A large-scale international study shows that a new blood test can accurately detect markers of Alzheimer’s disease. Pansfun Images/Stocksy Brain imaging and spinal fluid tests are two of the most common ways scientists detect early signs of Alzheimer’s disease [AD] in people. However, some of these tests are expensive, invasive, and not routinely available to the millions of individuals who may be at risk of this neurodegenerative condition.
Now, a blood test developed by researchers at Washington University School of Medicine, St. Louis, has shown promising results in detecting the early signs of AD. Randall Bateman, M.D. — the Charles F. and Joanne Knight Distinguished Professor of Neurology — and colleagues set out to determine the diagnostic accuracy of a new blood test for detecting early signs of AD.
AD occurs due to the accumulation of beta-amyloidTrusted Source, a protein that clumps together to form “sticky” plaques on the brain. These plaques affect the transmission of brain cell signals and may result in the death of brain cells, leading to symptoms of AD. These symptoms include memory loss, mood changes, and difficulties with speech. Two of the most problematic proteins are beta-amyloid 40 and beta-amyloid 42 because health experts believe they contribute the most to the creation of sticky plaque.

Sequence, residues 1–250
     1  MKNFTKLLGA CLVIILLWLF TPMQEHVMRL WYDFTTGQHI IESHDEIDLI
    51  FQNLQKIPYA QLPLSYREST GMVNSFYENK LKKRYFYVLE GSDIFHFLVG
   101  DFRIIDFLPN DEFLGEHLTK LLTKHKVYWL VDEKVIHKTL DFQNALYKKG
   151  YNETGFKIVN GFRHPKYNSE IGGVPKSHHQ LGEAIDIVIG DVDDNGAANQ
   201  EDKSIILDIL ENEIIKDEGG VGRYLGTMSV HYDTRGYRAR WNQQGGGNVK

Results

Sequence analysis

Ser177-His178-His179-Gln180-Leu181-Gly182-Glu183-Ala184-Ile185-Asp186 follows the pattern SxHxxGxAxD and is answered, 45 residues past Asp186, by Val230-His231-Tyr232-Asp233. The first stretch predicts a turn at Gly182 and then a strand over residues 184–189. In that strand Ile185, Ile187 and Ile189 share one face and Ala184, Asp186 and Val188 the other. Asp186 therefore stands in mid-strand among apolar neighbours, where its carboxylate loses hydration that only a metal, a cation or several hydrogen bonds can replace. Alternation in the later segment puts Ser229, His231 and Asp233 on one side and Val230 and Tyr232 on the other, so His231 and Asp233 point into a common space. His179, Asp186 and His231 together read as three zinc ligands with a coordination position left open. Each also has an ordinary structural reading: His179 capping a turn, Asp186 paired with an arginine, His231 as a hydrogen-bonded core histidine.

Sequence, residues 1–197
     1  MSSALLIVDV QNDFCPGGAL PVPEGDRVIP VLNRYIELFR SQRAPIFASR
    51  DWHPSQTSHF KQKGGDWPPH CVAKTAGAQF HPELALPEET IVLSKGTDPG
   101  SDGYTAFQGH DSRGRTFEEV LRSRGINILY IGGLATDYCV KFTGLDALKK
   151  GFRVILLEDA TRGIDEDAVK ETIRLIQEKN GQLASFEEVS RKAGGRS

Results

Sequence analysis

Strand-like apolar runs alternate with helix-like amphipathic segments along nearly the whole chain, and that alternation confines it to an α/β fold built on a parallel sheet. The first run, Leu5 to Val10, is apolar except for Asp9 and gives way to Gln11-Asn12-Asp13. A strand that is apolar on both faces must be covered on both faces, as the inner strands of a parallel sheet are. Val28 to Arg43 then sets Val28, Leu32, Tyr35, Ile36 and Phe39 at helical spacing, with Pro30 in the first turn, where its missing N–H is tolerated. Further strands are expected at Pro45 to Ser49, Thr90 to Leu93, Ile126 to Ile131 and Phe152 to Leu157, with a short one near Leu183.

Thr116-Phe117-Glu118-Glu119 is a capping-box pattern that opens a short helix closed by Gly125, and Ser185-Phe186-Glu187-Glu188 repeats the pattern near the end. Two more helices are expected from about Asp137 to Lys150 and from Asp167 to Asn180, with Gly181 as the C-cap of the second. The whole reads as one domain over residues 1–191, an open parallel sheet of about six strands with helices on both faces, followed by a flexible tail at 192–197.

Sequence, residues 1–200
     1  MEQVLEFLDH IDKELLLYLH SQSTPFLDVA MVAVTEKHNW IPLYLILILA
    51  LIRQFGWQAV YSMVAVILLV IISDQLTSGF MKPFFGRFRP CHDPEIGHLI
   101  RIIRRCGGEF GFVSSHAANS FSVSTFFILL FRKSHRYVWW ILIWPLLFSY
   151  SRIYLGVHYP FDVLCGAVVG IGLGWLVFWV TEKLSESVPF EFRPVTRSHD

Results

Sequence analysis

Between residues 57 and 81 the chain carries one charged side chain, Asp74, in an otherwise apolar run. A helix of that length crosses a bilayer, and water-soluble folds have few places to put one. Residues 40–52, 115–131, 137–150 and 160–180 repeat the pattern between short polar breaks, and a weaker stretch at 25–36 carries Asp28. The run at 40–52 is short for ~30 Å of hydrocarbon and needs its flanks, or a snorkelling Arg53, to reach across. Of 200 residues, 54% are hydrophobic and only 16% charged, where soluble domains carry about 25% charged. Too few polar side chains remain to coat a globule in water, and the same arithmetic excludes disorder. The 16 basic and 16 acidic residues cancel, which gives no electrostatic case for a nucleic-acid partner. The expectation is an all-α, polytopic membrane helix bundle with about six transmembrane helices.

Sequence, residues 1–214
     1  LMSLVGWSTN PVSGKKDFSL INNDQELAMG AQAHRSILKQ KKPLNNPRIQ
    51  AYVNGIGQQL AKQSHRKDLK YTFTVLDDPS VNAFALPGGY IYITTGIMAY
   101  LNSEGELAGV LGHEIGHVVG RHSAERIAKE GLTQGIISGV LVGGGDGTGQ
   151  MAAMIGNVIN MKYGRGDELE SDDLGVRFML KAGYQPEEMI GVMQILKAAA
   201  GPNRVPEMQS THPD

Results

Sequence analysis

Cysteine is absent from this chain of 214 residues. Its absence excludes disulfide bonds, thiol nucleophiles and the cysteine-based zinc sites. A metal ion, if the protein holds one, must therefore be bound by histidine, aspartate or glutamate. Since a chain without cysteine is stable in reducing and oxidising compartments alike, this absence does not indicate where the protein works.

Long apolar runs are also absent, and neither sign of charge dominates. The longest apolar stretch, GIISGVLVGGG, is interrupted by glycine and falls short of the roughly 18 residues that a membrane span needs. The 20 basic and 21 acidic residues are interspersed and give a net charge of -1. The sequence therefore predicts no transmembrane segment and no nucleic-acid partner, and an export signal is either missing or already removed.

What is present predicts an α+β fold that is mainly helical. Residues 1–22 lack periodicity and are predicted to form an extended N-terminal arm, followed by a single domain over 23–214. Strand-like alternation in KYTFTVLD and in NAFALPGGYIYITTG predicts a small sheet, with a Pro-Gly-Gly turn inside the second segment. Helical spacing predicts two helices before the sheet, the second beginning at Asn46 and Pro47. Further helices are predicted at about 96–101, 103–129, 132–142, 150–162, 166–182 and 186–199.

The new study, which appears in the journal Neurology, started with a basic question about beta-amyloid production, its clearance in people, and why amyloid plaques develop as individuals get older and develop AD. “We launched our study to measure that amyloid-beta 42 is specifically impaired in its clearance out of the brain and central nervous system,” senior study author Dr. Bateman explained to Medical News Today. They then looked at the formation of beta-amyloid 42 and how it traveled from the brain into the blood.
“[W]e tracked how amyloid-beta is removed from the [central nervous system (CNS)], showing ~50% is removed across the blood-brain barrier to the blood,” he added. This then led to the discovery that looking at the ratio of amyloid-beta 42 and amyloid-beta 40 could identify whether or not somebody was forming amyloid plaques on their brain. “From this discovery,” he added, “we sought to test and validate [our findings] in several large national Alzheimer’s disease studies, and the current publication in Neurology is that work from studies in Europe, the U.S., and Australia.”